• Brainstorming and Other Creativity Techniques
  • TRIZ and Theory of Inventive Problem Solving
  • Trimming and Simplification
  • Optimizing the Concept Design
  • Concept Evaluation and Concept Selection Matrix
  • Simplification and the Impact of Architecture on DTC

6. DTC DURING ASSEMBLY DESIGN

  • Function Analysis with Assembly Design
  • The Power of Considering Assembly Design Alternatives
  • Design for Assembly (DFA)
    • DFA Principles & Guidelines
    • The Key DFA Principle – Simplification
    • DFA Exercise I
    • Avoiding Non-Recurring Costs with Standardization
    • Mistake-Proofing Assembly
    • Mistake-Proofing Exercise
    • Assembly Process and DFA Principles
      • Handling and Orientation
      • Location and Insertion
      • Joining and Fastening
      • Adjustment & Finishing
    • DFA Exercise II
  • Design for Test – Developing an Economic Test Strategy

7. DTC DURING PART DESIGN/SELECTION

  • Function Analysis with Part Design
  • Evaluating Material and Process Alternatives
  • Trade-offs of Nonrecurring and Recurring Costs with Tooling Near Net Shape Parts
  • Standardization and Simplification
  • Design for Manufacturability (DFM)
    • Evaluating Material and Process Alternatives
    • Production Rate & Cost Trade-off’s: Materials, Manufacturing & Tooling
    • DFM Principles & Guidelines – Machining, Sheetmetal, Injection Molding & PWB’s
    • DFM Exercise
  • Reducing Costs with Early Supplier Involvement & Effective Supplier Partnership
  • Purchasing Actions to Reduce Cost
  • Minimizing Supply Chain and Logistics Costs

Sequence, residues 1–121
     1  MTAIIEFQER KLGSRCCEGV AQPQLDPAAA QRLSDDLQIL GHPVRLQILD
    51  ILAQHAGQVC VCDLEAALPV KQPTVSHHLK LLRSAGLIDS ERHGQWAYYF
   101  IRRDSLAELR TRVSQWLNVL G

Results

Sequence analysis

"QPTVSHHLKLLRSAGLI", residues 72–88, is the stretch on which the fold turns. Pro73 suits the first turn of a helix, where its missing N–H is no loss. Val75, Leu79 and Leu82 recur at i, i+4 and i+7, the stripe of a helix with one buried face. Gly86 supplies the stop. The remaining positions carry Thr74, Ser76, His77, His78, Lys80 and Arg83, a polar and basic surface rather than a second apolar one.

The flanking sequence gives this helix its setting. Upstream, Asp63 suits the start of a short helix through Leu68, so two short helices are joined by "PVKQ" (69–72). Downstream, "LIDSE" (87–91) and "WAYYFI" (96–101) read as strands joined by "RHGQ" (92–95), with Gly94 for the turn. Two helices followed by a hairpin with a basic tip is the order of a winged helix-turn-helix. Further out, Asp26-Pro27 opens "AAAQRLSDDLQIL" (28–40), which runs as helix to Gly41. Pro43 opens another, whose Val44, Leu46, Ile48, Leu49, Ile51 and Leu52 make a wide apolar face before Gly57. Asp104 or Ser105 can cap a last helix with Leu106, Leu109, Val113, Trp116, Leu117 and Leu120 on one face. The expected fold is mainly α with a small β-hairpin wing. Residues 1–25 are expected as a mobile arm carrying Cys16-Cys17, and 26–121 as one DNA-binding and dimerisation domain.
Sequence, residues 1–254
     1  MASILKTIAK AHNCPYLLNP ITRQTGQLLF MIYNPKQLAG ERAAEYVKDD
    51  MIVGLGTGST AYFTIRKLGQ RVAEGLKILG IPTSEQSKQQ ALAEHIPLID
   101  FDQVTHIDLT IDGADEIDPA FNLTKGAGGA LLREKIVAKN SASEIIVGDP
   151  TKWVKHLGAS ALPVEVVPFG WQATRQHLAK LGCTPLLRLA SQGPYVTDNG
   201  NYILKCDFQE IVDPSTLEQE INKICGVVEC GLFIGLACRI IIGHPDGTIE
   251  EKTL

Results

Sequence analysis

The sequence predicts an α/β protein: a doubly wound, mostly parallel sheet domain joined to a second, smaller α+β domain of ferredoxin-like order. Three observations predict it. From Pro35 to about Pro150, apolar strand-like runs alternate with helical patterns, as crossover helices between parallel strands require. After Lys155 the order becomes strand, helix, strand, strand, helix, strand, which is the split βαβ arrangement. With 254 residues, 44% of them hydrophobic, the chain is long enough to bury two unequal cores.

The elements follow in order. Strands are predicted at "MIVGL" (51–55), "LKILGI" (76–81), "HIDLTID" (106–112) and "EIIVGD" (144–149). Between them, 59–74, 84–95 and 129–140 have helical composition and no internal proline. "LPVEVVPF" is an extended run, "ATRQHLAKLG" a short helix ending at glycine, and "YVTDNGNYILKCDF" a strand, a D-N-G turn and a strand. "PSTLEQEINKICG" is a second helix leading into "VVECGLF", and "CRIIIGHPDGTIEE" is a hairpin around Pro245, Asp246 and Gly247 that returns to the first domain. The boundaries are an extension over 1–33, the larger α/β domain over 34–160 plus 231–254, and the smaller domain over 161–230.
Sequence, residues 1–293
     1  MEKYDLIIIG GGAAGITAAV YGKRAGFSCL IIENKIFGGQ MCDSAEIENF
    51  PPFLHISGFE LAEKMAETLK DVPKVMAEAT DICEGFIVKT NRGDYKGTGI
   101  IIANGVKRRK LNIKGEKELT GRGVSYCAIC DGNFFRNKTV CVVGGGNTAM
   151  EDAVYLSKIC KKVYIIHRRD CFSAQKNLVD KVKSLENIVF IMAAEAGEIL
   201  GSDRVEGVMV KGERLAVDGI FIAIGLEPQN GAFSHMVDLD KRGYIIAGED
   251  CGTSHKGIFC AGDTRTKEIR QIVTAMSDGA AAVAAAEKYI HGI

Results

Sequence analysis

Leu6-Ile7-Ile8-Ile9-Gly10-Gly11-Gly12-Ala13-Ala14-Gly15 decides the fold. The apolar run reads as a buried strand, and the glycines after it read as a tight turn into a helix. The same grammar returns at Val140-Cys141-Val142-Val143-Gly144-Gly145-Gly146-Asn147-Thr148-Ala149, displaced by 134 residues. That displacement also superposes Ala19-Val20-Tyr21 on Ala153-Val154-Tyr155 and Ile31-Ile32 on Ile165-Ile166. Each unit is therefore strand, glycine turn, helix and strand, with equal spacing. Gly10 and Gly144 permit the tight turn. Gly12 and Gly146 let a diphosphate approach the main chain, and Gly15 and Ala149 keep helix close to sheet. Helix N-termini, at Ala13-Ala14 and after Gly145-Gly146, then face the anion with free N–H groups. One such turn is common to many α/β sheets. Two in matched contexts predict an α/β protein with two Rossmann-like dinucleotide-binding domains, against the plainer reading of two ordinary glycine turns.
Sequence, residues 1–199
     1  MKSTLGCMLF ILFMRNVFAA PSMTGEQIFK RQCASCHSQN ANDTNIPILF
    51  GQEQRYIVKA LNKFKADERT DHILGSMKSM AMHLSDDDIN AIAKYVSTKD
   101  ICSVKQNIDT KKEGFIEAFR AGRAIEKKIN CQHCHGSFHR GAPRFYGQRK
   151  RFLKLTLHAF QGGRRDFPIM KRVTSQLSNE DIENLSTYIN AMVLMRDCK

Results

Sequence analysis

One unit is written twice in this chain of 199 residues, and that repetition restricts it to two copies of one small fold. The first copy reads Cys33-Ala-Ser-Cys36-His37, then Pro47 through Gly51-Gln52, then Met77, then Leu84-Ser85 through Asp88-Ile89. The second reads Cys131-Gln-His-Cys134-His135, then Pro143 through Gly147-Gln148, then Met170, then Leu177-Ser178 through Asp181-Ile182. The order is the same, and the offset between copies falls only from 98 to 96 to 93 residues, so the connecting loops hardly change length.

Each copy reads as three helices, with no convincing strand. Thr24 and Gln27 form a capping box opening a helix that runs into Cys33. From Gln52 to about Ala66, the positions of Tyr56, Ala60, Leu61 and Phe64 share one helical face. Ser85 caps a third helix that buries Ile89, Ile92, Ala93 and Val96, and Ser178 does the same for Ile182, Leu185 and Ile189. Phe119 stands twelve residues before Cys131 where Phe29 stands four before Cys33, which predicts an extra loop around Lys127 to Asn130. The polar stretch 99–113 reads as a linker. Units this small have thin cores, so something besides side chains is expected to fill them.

8. DTC DURING PROCESS DESIGN

  • Principles of Process Design for Low Cost
  • The Role of Value Engineering in Process Design & Improvement
  • Cost Reduction through Automation and Integration
  • Re-engineering the Development and Production Processes
  • The Production Preparation Process (3P)
  • Considering the Most Economic Process with Seven Ways
  • Eliminating Non-Value-Added Activities
  • Minimizing Cost Through Maximizing Process Capability
  • Centering the Mean and Establishing Realistic Tolerances
  • Optimizing Tolerances for Low Cost

9. ACHIEVING DESIGN TO COST

  • Challenging Your Assumptions
  • DTC Exercise
  • Achieving DTC – Summary by Development Phase

10. DTC PROCESS AND ORGANIZATION

  • Establishing a Design to Cost Program
  • The Design-to-Cost and DFM/A Process
  • Design Reviews
  • Avoiding Local Optimization and Global Suboptimization – Organizational Issues
  • Use of Product Development Teams to¬†Achieve Cost Targets
  • Roles and Responsibilities
  • Supplier Roles in Design to Cost
  • Essential Metrics to Track Target Cost Achievement

11. IMPLEMENTATION & SUMMARY

  • The 10 Steps to Design-to-Cost
  • Deploying a Design to Cost Program to Your Business/Project
  • Overcoming Impediments and Applying Lessons Learned
  • Developing an Action Plan to Close the Gap
  • Sources of Further Information
  • Questions and Answers

12. DTC EXERCISE

  • Exercise Analyzing Company Item(s)